There seems to be a failure, or even a series of failures, on both the Russian and Ukrainian sides.
The convoy is composed of T72 tanks, armored personnel carriers, self-propelled guns, lots of fuel tankers, ammunition trucks, command cars and anti-aircraft weapons, anti-aircraft missiles and anti-aircraft guns.
That is without mentioning the thousands of soldiers who are part of the convoy, be they infantry or simply logistical and maintenance personnel, all of them trudging slowly through the freezing snow.
But the question is why the Russian president and invasion’s mastermind Vladimir Putin is allowing his men to stay out in the open, in the freezing cold, to essentially serve as a prime target for a Ukrainian ambush?
Western intelligence sources claim that Putin has probably not yet decided whether to advance deep into Kyiv or to just encircle it, and he is now recalculating his approach.
American sources, meanwhile, claim the convoy is suffering from severe supply problems and constant roadblocks caused by the many Russian vehicles trying to advance, as well as from a prevalent lack of fuel and a worrying shortage of food for the soldiers.
All of these issues have caused the morale of the personnel taking part in the massive convoy – the size of which was not seen in Europe since World War II – to plummet.
Israelis know all too well the damage a clogged route can cause. The 1973 operation meant to prevent Iraqi reinforcements from aiding Syria against Israel during the Yom Kippur War nearly failed due to the same issue.
With the Russian convoy, however, it seems a myriad of problems blended together to create a situation where it can barely move, while its people are stuck in -5 degrees Celsius weather, with barely any provisions, mere kilometers from Kyiv’s northern outskirts.
One can also understand why the Russian generals fear, or at least hesitate, to enter a city of with a population of four millions, who have so far showed that they would rather die than allow Russian tanks enter their cities.
Urban combat would more than likely cost Russia a lot of lives. Putin, therefore, is likely to consider encircling the city and disconnecting it from supplies, all while bombarding government institutions and symbols in order to force the Ukrainians to turn their backs on their president, Volodomyr Zelensky, and agree to form a pro-Russian government.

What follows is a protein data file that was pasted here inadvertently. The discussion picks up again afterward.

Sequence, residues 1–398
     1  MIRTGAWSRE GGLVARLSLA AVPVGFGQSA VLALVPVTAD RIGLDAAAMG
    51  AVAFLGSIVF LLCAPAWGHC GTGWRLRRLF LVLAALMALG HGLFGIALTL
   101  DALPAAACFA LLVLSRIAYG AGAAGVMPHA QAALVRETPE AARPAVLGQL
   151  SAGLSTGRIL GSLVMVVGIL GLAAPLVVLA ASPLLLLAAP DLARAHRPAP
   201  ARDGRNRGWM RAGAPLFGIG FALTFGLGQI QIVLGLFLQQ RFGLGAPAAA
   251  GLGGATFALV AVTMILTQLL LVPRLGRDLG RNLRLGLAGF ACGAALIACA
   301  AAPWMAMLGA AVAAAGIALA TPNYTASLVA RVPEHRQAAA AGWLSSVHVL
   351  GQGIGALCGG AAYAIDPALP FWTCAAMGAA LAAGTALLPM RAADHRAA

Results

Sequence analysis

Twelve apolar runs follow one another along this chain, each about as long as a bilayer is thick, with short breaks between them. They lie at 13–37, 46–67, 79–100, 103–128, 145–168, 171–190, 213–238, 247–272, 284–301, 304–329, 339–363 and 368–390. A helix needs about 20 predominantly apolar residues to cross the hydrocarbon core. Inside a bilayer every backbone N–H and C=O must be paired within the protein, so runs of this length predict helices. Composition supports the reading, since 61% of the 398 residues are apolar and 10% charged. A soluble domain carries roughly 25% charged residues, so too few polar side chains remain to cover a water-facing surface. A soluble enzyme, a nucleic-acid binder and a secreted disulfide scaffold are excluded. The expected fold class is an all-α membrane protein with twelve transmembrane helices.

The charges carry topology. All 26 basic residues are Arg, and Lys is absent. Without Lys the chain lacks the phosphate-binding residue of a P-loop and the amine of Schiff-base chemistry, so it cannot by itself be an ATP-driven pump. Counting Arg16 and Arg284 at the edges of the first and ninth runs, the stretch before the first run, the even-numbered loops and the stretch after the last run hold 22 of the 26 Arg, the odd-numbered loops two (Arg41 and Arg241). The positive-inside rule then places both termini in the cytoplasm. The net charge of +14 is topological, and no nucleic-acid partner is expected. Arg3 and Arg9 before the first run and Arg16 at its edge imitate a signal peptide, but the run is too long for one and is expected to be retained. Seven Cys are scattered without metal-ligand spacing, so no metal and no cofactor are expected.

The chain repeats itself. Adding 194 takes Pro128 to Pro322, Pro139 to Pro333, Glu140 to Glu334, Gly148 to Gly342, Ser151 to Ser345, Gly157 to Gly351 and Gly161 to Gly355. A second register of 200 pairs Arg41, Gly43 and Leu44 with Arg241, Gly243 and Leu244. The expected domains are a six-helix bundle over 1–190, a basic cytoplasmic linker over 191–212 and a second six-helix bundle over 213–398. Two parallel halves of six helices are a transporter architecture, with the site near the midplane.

What is even weirder than the Russian’s failure, is that the Ukrainian army and militias have not attempted to attack the convoy at all: not with planes or tanks mind you, but at least with pins to cause death by a thousand cuts, which is a classic guerrilla counter attack method, often involving javelin missiles and RPGs, which the Ukrainians have received form the Americans.
Two such attacks striking the head and tail of the convoy will see several dozen vehicles burn, and will all but signal the beginning of a crushing Russian defeat. One that will parallel Napoleon’s failed invasion of Russia in 1812, which was thwarted with the help of the country’s freezing cold winter.
A conventional attack by Ukraine is doomed to fail. Despite the poor visibility and conditions, Russia’s air force, tanks, and anti-air capabilities can all demolish the Ukrainians’ limited and outdated military potential.
And so, why have the Ukrainians not taken advantage of this opportunity to crush the invading Russian forces?
Second, the Ukrainians most likely fear retaliation if harm comes to the convoy. The sights of the Russian vehicles and tanks burning and the troops fleeing, could cause Putin and his generals to bomb Kyiv indiscriminately in revenge, and even target civilians specifically.
The third reason is that Zelensky’s Ukrainian government, as innocent as it is, still hopes that the ongoing negotiations in Belarus will bring about a ceasefire.
The fourth reason is the reports of 300 Belarusian tanks standing ready to enter Ukraine via various routes.
The Ukrainian generals, of all people, understand full well how cruel a Russian revenge can be.
But a guerrilla attack, a counterattack, could dramatically change the situation in favor of Ukraine. It’s a tough and dangerous decision to make, one that can have dire repercussions for both sides, but one that is necessary in times of crisis.